Basements

Basements appear to be very important in the world of studies and analysis. That is where various obscure records and reports are stored. As the industry gets grayer and retires, significant pieces of work are becoming harder to find. Sometimes the easiest way to find these reports is to call someone you know and ask them where to find it.

Let me give a few examples. At one point, when we were doing an analysis of Lanchester equations in combat modeling. I was aware that Bob McQuie, formally of CAA, had done some work on it. So, I called him. Turns out he had a small file he kept of his own work, but he had loaned it to his neighbor as a result of a conversation he had. So…..he reclaimed the file, two of our researchers drove over to his house, he gave us the file, and we still have it today. Turns out that much of his material is also available through DTIC. A quick DTIC search shows the following: https://publicaccess.dtic.mil/psm/api/service/search/search?site=default_collection&q=mcquie

Of particular interest is his benchmarks studies. His work on “breakpoints” and comments on Lanchester equations is not included in the DTIC listing because it was published in Army, November 1987. I have a copy in my basement. Neither is his article on the 3:1 rule (published in Phalanx, December 1989). He also did some work on regression analysis of historical battles that I have yet to locate.

Battle Outcomes: Casualty Rates As a Measure of Defeat

So, some of his work had been preserved. But, on the other hand, during that same casualty estimation methodologies study we also sent two researchers over to another “gray beard’s” house and he let our researchers look through his basement. We found the very useful study called Report of the Model Input Data and Process Committee, reference in my book War by Numbers, page 295. It does not show up in DTIC. We could not of find this study without a visit to his basement. He now lives in Florida, where they don’t have basements. So I assume the remaining boxes of materials he had have disappeared.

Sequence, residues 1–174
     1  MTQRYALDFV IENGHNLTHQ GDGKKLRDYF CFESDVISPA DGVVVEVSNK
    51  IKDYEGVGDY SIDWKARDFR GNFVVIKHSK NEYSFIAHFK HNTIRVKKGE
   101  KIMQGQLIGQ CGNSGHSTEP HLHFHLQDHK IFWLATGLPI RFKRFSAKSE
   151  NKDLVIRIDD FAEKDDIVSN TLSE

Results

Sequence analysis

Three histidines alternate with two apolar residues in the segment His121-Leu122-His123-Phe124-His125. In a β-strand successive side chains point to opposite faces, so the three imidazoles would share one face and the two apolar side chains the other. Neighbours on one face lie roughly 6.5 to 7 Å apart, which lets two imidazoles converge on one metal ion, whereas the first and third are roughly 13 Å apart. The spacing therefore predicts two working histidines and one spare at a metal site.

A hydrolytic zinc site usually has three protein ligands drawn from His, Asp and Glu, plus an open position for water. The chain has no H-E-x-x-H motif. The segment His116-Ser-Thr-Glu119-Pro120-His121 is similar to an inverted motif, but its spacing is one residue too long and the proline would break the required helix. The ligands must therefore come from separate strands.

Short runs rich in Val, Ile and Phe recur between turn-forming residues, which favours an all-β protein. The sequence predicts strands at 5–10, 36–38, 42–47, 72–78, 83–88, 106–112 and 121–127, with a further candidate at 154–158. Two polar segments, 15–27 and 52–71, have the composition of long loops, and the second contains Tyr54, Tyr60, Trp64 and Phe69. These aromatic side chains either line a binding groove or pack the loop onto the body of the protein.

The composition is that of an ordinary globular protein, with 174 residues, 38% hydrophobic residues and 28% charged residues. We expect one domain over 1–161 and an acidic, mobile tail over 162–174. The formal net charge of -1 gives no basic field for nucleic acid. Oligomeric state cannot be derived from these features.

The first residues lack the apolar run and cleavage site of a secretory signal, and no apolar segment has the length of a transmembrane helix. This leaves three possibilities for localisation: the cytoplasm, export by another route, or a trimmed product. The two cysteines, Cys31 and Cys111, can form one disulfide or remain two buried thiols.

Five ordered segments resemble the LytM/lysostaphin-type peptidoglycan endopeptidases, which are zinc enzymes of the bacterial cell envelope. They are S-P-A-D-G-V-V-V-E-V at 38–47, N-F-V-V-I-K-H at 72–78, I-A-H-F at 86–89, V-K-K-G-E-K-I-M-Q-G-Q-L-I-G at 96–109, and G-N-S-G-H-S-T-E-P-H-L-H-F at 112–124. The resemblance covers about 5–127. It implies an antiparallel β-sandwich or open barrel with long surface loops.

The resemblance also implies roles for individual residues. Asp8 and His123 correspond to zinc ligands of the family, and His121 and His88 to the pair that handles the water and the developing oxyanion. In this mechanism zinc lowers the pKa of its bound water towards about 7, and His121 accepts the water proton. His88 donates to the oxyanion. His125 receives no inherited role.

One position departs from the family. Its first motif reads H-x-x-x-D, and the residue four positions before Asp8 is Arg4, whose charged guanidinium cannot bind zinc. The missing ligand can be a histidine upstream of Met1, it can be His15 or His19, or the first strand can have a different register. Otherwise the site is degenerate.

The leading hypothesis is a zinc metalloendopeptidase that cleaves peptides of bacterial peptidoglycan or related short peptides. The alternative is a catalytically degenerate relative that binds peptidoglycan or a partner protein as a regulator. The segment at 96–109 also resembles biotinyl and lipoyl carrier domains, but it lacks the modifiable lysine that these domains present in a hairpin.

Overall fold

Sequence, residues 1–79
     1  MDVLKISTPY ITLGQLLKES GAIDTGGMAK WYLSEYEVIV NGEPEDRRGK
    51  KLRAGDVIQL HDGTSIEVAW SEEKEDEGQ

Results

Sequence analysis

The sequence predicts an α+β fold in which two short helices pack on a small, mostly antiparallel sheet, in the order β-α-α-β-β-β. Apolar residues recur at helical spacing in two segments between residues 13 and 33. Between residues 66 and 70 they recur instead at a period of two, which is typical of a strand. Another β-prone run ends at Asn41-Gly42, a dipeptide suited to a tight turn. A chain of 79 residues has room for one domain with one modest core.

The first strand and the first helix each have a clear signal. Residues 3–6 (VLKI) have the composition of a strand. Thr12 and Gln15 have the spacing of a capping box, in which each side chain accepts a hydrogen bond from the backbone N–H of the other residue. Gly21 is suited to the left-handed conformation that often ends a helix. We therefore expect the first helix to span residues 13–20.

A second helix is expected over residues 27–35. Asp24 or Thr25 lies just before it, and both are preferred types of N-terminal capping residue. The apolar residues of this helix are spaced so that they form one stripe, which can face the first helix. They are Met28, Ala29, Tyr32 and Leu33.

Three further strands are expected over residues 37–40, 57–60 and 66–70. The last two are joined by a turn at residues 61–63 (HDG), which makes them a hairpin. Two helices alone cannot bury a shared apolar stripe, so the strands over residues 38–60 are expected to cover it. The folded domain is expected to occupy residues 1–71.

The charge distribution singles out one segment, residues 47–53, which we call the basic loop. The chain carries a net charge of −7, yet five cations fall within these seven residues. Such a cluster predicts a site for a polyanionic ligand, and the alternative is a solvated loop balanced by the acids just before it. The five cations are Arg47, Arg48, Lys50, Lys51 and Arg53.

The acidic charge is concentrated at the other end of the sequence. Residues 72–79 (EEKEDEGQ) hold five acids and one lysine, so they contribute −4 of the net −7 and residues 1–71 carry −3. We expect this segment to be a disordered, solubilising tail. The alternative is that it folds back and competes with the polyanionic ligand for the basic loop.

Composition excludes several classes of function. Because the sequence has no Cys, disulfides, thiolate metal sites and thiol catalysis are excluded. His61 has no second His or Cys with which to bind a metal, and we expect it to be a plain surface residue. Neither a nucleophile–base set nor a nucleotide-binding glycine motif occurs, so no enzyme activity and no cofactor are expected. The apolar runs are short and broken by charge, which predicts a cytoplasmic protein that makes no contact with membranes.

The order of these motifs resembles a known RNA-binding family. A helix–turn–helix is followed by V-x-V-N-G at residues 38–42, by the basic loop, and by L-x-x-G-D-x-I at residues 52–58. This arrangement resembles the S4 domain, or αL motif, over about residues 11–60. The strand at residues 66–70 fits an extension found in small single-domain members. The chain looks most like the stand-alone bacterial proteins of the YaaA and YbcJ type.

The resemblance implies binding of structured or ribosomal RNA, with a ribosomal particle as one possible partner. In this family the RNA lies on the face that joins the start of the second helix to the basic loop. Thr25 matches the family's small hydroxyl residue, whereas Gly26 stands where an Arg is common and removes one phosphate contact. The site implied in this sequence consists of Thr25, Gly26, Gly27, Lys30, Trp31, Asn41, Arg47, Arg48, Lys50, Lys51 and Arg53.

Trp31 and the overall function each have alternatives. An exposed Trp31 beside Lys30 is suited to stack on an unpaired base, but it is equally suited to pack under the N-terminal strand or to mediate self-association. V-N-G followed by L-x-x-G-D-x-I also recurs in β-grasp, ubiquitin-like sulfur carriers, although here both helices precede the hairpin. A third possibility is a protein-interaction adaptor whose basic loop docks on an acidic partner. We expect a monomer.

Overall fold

I am currently trying to locate another major study right now that was done by SAIC. So far, I have found one former SAIC employee who has two volumes of the multi-volume study. It is not listed in DTIC. To obtain a complete copy of the study, I am afraid I will have to contract someone else and pay to have it copied. Again, I just happen to know who to talk to find out what basement it is stored away in.

It is hard to appreciate the unique efforts that go into researching some of these projects. But, there is a sense at this end that as the “gray beards” disappear; reports and research efforts are disappearing with them.

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Christopher A. Lawrence
Christopher A. Lawrence

Christopher A. Lawrence is a professional historian and military analyst. He is the Executive Director and President of The Dupuy Institute, an organization dedicated to scholarly research and objective analysis of historical data related to armed conflict and the resolution of armed conflict. The Dupuy Institute provides independent, historically-based analyses of lessons learned from modern military experience.
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Mr. Lawrence was the program manager for the Ardennes Campaign Simulation Data Base, the Kursk Data Base, the Modern Insurgency Spread Sheets and for a number of other smaller combat data bases. He has participated in casualty estimation studies (including estimates for Bosnia and Iraq) and studies of air campaign modeling, enemy prisoner of war capture rates, medium weight armor, urban warfare, situational awareness, counterinsurgency and other subjects for the U.S. Army, the Defense Department, the Joint Staff and the U.S. Air Force. He has also directed a number of studies related to the military impact of banning antipersonnel mines for the Joint Staff, Los Alamos National Laboratories and the Vietnam Veterans of American Foundation.
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His published works include papers and monographs for the Congressional Office of Technology Assessment and the Vietnam Veterans of American Foundation, in addition to over 40 articles written for limited-distribution newsletters and over 60 analytical reports prepared for the Defense Department. He is the author of Kursk: The Battle of Prokhorovka (Aberdeen Books, Sheridan, CO., 2015), America’s Modern Wars: Understanding Iraq, Afghanistan and Vietnam (Casemate Publishers, Philadelphia & Oxford, 2015), War by Numbers: Understanding Conventional Combat (Potomac Books, Lincoln, NE., 2017) , The Battle of Prokhorovka (Stackpole Books, Guilford, CT., 2019), The Battle for Kyiv (Frontline Books, Yorkshire, UK, 2023), Aces at Kursk (Air World, Yorkshire, UK, 2024), Hunting Falcon: The Story of WWI German Ace Hans-Joachim Buddecke (Air World, Yorkshire, UK, 2024) and The Siege of Mariupol (Frontline Books, Yorkshire, UK, 2024).
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Mr. Lawrence lives in northern Virginia, near Washington, D.C., with his wife and son.

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